The “felony lane gang” was back in Rock County last month.
At least two county residents fell victim to the theft operation in February, Janesville police say.
Thieves broke into cars and stole checks that were cashed by a woman driving what is likely a rental car, according to an alert issued Monday.
These so-called felony lane gang operations have occurred throughout the country and were last reported in the Janesville area in June 2017.
Janesville police on Monday sent out the alert with photos of a woman in a car who they believe was involved.
Felony lane gang smash-and-grabs often involve victims who leave purses or wallets in their cars, and that’s what happened Feb. 15, according to the alert.
A woman ran into a Janesville day care center to pick up her child, and her car window was smashed, according to the alert.
Beloit police reported a similar case the same day, and checks from both victims were cashed in Darien, Walworth, and Rockton and Roscoe, both in northern Illinois, according to the alert.
Checks from victims in the Radcliff, Kentucky, area were cashed at the same time by the same woman, according to the alert.
The woman cashing the checks used two vehicles in consecutive days. One of the cars was a dark Infinti QX70, according to the alert.
The term “felony lane gang” refers to the outer lanes of bank drive-up facilities, which often are used by those cashing the bogus checks.
Janesville police Det. Chris Buescher said past theft operations such as this one often targeted health clubs, dog parks and other places where victims are likely to be away from their cars for a fairly long time. He said it’s notable that the thieves in the latest Janesville case struck a car where the driver was likely to be back in a short time.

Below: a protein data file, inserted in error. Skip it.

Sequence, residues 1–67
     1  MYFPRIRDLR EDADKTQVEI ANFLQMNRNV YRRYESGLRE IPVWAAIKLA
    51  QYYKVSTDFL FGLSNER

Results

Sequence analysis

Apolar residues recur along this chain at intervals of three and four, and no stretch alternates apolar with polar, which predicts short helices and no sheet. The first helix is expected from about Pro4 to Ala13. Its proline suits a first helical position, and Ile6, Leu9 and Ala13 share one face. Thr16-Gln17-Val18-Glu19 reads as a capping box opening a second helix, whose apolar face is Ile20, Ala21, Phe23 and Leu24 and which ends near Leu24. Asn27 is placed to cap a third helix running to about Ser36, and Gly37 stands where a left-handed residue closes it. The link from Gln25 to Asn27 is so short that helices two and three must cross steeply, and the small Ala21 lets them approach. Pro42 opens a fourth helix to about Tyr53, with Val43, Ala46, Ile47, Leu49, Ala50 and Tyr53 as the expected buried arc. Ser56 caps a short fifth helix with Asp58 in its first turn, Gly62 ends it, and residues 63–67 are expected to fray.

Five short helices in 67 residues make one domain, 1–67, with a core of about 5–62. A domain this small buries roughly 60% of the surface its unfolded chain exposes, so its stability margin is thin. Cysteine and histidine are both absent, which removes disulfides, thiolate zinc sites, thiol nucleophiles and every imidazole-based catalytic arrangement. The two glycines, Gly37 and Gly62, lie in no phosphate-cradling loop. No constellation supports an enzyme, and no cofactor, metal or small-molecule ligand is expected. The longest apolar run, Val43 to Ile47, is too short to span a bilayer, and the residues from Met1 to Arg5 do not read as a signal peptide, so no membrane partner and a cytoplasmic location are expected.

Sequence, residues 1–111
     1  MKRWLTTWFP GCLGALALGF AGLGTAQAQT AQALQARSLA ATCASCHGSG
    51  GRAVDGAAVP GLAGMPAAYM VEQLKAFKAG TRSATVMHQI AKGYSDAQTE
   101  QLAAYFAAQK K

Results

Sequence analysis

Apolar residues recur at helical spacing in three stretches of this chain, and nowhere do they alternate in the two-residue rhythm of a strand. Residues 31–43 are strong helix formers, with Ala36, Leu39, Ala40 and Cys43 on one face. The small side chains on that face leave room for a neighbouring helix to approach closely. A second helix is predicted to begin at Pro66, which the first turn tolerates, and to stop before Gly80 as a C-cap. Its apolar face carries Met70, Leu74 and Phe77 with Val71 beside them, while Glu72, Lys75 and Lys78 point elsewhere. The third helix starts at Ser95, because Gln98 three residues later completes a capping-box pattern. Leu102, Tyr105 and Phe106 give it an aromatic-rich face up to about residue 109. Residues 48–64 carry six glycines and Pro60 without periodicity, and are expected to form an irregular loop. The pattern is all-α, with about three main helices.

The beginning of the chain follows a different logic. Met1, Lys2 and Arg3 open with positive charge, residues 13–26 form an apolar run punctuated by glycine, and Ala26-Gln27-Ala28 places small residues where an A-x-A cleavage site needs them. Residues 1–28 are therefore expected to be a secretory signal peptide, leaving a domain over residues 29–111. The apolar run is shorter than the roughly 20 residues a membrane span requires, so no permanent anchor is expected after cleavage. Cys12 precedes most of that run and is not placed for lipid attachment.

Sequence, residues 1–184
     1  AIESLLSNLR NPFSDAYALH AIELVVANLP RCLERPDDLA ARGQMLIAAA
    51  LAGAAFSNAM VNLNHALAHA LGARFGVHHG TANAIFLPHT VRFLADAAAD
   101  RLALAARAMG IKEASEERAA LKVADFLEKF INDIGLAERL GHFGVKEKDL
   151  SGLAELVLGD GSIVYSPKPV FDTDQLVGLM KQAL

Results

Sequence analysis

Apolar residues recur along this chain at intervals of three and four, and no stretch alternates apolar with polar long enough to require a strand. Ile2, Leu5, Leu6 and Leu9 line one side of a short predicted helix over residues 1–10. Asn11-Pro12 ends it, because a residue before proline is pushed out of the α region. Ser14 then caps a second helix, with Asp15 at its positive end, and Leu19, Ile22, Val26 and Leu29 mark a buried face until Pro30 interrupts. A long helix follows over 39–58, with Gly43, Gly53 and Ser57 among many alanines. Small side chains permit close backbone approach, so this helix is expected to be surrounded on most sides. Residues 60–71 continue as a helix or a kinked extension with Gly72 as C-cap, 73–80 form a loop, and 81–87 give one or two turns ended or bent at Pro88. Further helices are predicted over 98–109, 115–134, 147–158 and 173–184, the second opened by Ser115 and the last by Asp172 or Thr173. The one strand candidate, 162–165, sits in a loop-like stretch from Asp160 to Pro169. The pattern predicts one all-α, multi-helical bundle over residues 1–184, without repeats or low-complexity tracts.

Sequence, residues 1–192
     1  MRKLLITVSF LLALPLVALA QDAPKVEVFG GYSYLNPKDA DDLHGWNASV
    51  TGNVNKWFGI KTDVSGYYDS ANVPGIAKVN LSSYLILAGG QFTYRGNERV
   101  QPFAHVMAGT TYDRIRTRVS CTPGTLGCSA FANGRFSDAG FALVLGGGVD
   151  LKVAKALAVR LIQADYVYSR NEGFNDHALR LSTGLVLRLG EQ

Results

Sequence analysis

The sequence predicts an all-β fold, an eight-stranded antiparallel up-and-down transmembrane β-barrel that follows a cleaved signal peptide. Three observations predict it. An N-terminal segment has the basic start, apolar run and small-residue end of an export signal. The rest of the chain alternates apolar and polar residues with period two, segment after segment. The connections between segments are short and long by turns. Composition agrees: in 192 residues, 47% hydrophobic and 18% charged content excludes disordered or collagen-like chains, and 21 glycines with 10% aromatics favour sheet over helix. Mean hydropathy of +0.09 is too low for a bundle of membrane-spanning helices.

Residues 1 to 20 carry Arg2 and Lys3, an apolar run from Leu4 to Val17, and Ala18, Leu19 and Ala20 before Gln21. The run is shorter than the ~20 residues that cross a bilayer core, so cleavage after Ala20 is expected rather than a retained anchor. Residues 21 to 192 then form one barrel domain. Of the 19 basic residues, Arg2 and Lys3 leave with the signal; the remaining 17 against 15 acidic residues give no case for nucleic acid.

In the recent case, the woman left her purse on the front seat in the locked car, Buescher said. Authorities advise people not to leave valuables in plain view in their cars because they are more likely to be come victims of smash-and-grab thefts.
“Nowhere is safe anymore,” Buescher said, adding that he’s heard of a non-felony lane gang tactic in which thieves target purses hanging from the backs of chairs at Panera Bread restaurants.
A woman became such a victim at the Janesville Panera Bread last month, Buescher said.
Buescher suspects that in a felony lane gang operation, one person or group of people steal from cars, a different set of people rent the cars, and a third set—all women—use the cars and cash the checks.
The first felony lane gang was identified in Florida, but it has spread around the country. Some officials believe different groups not associated with each other likely have adopted the same tactics.
One tactic is to strike in an area and then move out quickly before law enforcement becomes aware.
Buescher said he recently heard from police in Jefferson County and the Milwaukee area who also experienced felony lane gang tactics.
“I would love to say this group has moved on, but that’s not to say another group is not pulling up on the Interstate as we speak,” Buescher said.